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University students honored at McNair Scholars Conference

Georgia Southern University students Amber Fennell and Javoris Hollingsworth were honored at the 12th annual Southeastern Association of Educational Opportunity Program Personnel McNair National Scholars Research Conference at Knoxville, Tenn.

A special education major from Rome, Ga., Fennell took second place in the education division for her research project titled ‘The Brief History of Autism Spectrum Disorder, Interventions and Their Effectiveness.”

A chemistry major from Jeffersonville, Ga., Hollingsworth took second place in the science division for his research project titled ‘A Study of the Regioselectivity of Aluminum Chloride-Promoted Reduction of Benzylidene Acetals via NMR and Molecular Modeling.”

The students were participants in the Ronald E. McNair Post-baccalaureate Achievement Program Summer Research Institute. Created in memory of the African-American astronaut who perished in the 1986 Challenger space shuttle disaster, the

McNair Program is a national initiative that seeks to increase the number of students from under-represented segments of society who earn graduate degrees.

The McNair Program prepares selected juniors and seniors for doctoral studies through involvement in research and other scholarly activities. During the six-week program, the McNair Scholars received mentoring from faculty, attended seminars, participated in summer internships, and received academic counseling and assistance in securing financial aid for enrolling in graduate programs.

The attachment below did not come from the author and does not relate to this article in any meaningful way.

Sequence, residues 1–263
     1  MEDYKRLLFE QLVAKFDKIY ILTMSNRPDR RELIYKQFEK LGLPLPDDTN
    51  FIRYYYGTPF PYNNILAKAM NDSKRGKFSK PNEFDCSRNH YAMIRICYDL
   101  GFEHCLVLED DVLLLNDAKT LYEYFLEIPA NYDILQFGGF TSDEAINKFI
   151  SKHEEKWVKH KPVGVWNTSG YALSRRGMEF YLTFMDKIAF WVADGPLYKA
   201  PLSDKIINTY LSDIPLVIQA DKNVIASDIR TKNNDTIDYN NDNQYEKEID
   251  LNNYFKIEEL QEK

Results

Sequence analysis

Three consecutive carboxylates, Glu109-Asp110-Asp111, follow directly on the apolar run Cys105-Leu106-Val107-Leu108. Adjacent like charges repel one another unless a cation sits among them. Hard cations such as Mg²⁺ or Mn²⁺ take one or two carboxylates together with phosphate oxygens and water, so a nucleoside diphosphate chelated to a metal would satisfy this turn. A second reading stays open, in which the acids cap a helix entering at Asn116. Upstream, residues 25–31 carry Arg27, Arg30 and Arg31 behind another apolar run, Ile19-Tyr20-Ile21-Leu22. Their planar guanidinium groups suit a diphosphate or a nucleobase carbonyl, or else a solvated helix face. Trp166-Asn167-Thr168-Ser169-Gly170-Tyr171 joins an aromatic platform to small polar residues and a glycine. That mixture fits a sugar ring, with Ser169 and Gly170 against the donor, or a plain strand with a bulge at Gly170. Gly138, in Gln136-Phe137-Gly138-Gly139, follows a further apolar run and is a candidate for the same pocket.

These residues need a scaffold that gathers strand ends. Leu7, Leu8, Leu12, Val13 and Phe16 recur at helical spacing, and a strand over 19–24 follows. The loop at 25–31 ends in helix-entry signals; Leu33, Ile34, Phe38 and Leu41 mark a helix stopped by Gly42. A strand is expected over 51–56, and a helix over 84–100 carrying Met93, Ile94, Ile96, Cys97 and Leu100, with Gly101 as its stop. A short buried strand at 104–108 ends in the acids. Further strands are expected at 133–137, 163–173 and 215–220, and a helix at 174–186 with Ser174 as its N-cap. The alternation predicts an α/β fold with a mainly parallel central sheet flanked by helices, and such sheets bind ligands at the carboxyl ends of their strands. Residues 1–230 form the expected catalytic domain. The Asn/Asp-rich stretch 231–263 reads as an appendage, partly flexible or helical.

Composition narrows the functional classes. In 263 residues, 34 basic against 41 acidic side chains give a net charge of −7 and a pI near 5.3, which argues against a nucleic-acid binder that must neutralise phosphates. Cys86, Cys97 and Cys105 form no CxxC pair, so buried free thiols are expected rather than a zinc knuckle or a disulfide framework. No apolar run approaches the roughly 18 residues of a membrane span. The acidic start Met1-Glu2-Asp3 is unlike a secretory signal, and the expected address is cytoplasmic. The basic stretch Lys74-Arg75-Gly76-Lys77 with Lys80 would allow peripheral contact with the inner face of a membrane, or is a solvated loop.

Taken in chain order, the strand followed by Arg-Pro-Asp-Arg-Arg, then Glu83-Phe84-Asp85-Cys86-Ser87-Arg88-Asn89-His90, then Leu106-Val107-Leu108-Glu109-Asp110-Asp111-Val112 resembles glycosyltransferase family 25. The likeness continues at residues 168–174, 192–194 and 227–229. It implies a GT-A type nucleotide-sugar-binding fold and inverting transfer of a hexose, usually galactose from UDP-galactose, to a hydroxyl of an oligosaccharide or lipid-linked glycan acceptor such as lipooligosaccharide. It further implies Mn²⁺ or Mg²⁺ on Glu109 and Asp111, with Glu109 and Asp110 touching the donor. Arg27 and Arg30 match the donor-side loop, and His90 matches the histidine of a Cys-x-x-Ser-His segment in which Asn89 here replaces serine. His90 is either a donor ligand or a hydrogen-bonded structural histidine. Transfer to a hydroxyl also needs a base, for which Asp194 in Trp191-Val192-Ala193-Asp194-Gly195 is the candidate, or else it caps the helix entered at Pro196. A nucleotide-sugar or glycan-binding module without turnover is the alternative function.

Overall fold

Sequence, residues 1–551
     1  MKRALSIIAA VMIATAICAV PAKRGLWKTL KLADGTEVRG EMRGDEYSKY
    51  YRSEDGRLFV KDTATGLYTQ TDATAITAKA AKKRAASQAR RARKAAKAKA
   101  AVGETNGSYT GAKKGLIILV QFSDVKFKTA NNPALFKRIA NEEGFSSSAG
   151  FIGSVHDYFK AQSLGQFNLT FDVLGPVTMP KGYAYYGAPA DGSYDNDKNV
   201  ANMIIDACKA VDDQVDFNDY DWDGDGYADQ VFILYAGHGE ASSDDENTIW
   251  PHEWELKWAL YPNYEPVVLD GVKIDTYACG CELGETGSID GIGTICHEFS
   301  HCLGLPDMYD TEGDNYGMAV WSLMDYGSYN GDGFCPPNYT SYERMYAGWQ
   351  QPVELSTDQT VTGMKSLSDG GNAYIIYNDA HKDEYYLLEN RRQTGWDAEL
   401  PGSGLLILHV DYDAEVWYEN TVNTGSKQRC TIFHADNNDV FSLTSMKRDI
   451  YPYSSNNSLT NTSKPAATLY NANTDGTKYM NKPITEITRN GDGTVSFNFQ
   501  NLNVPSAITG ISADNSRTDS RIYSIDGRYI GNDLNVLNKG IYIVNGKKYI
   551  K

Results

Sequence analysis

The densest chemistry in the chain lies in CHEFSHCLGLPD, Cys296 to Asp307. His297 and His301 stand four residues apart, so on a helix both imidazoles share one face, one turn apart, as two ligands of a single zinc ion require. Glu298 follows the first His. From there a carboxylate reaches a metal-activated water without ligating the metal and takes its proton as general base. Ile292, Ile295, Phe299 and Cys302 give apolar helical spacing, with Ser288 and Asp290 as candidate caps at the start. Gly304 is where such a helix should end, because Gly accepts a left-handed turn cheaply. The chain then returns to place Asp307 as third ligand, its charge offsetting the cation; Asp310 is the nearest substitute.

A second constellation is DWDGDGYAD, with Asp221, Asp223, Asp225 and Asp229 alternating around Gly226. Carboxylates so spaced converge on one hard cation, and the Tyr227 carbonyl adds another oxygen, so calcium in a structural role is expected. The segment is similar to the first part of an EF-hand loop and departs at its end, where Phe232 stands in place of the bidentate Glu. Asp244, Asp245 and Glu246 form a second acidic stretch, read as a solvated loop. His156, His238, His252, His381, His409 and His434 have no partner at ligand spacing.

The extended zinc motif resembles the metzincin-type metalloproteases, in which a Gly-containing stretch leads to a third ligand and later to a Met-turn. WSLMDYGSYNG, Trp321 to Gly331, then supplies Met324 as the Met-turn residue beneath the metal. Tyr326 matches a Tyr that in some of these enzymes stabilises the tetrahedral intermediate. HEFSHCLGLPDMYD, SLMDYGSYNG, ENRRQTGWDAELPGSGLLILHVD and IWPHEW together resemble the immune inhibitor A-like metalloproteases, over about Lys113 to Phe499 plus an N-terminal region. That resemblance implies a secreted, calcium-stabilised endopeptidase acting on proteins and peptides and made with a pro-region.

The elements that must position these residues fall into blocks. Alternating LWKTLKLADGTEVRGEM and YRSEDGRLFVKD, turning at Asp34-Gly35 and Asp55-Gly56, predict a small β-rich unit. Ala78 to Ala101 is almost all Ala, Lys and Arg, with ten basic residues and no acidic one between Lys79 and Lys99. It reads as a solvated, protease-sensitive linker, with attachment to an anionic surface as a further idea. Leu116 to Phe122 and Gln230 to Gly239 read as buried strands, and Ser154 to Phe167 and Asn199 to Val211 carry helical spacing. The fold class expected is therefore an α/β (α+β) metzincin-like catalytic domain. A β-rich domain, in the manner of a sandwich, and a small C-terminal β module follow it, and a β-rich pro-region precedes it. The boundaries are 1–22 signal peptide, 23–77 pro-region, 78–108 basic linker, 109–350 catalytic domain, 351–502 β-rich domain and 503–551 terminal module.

The McNair Program’s Summer Research Institute at Georgia Southern also included the following students:

  • Candice Carr, a psychology major from Atlanta. Her project was titled ‘The Relationship Between Self-Perception and Performance: A Short-Term Psychology Memory Test.”
  • Christopher J. Ford, a marketing/graphic design major from Suwanee, Ga. His project was titled ‘The Relative Worth of an Advanced Degree for an Art Director in Advertising.”
  • Harry E. Maze II, a psychology major from Jesup, Ga. His project was titled ‘Can Homophobia Be Cured? Neutralizing the Bomb of Homosexuality.”
  • Tawny Mullins, a psychology major from Griffin, Ga. Her project was titled ‘Juror Decision Making: The Relationships Between Attachment, Empathy, Belief in a Just World, and Perceptions of the Victim and the Perpetrator of a Date Rape Scenario.”
  • Tata Nanje, an English major from Smyrna, Ga. Her project was titled ‘In In Memoriam, What Does Nature, Science and Christianity Mean to the Speaker’s Faith?”
  • Jenna N. Pinkston, a community health major from Smyrna, Ga. Her project was titled ‘Perceived Job Satisfaction, Stress and its Effect on Health: A Pilot Study of Wmen in the Workplace.”
  • Jesseca Short, a political science major from Columbus, Ga. Her project was titled ‘Does the Development of Combined Communities of Southeast Columbus Enhance the Academic Achievement of Participants?”
  • Margarita Viera, a chemistry major from Ludowici, Ga. Her project was titled ‘Isolation and Characterization of Chromodulin (Low Molecular Weight Chromium-Binding Substance, LMWCr) from Chicken Liver.”

After revealing the results of their research at an on-campus symposium, the
students traveled to the University of Tennessee to present their findings at the McNair National Scholars Research Conference, which was held July 6-9.

Titled ‘Preparing for Global Competitiveness Through Research, Training and Service,” the conference attracted Educational Opportunity Program (EOP) personnel and students from colleges and universities in the United States and its trust territories.

The Ronald E. McNair Post-baccalaureate Achievement Program is part of the EOP at Georgia Southern. For more information, contact Mary Woods at (912) 681-5458 orĀ mwoods@georgiasouthern.edu.

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